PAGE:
When To Use Generics in Golang

When to Use Generics in Golang's picture

Before the Go Programming Language 1.18 release, generic was a very serious problem for Golang Developers. I understand that you may find it strange because you may not be more familiar with what Generics are. I'll be sharing knowledge about generics in this blog, including When to Use It and How to Use It. So let's start with learning Generics.


To properly understand the principles outlined in this blog, I would like to ask that you read over the concepts I will be mentioning below before continuing.

  • Pointers: In Go, pointers are frequently used in generics. They let you provide variables by reference rather than by value. It's crucial to comprehend how pointers function and how to use them properly.
  • Interfaces: Generics in Go are often implemented using the interface{} type and type assertions. To understand how this works, you should have a good understanding of Go's interface type and how to use it.
  • Type assertions: Type assertions allow you to convert an interface{} value to a specific type. To understand how generics work in Go, you should be familiar with the syntax and behavior of type assertions.
  • Reflection: Reflection, which enables you to view a variable's type and value at runtime, is frequently used with generics in Go. You need to have a fundamental understanding of how reflection functions and how to use it in order to comprehend how generics in Go operate.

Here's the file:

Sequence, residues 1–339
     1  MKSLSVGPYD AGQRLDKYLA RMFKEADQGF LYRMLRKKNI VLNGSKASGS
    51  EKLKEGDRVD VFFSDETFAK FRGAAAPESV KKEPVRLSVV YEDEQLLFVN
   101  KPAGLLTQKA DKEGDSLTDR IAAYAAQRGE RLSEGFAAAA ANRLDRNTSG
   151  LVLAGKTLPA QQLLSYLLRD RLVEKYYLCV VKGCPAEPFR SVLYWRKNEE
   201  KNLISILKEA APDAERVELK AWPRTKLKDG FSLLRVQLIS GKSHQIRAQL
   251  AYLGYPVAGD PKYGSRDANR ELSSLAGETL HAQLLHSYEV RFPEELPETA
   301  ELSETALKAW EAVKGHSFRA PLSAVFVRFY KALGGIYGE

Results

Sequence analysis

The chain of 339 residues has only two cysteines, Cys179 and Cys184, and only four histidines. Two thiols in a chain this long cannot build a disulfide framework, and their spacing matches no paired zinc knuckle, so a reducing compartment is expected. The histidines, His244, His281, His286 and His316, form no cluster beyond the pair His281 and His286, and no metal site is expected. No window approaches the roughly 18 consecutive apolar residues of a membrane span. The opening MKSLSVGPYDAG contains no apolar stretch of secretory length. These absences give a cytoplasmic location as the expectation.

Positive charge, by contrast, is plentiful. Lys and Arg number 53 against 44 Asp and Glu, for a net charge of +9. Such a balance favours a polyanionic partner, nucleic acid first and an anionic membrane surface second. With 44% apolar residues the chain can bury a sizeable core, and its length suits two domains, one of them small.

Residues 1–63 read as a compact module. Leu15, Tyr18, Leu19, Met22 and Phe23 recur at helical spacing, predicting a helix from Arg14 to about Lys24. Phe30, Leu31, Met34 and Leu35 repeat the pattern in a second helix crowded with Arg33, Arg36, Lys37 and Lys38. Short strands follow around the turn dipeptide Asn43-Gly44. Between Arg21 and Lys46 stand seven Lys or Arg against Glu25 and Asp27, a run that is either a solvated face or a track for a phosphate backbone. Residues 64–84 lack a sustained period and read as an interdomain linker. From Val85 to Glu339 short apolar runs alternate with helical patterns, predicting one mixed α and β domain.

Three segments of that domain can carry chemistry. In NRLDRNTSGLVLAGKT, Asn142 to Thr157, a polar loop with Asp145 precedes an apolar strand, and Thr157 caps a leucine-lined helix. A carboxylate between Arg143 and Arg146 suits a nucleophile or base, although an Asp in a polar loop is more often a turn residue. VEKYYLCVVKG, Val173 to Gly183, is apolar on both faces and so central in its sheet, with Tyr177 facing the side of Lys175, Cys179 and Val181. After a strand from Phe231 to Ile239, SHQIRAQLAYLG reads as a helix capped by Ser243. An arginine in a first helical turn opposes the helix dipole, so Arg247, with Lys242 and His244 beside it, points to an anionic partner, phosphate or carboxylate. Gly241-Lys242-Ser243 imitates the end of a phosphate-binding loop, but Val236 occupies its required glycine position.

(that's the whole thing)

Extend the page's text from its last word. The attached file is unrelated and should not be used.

• Having a solid grasp of Go's type system, including ideas like type inference, type conversion, and type aliasing, is also beneficial.
  • You should be well-prepared to start learning about generics in Go if you are familiar with these ideas and are at ease developing Go code.

Generics in Go

In Go, generics refer to the ability to write functions or types that can work with multiple types rather than being specific to one type. This allows you to write more general, reusable code that can be used with a variety of different types. Generics in Go are implemented using the interface{} type and type assertions. This means that you can write a function or type that takes or returns the interface{} type, and then use type assertions to convert values of this type to a specific type when needed. Please refer to Image 1 for the example for better clarification.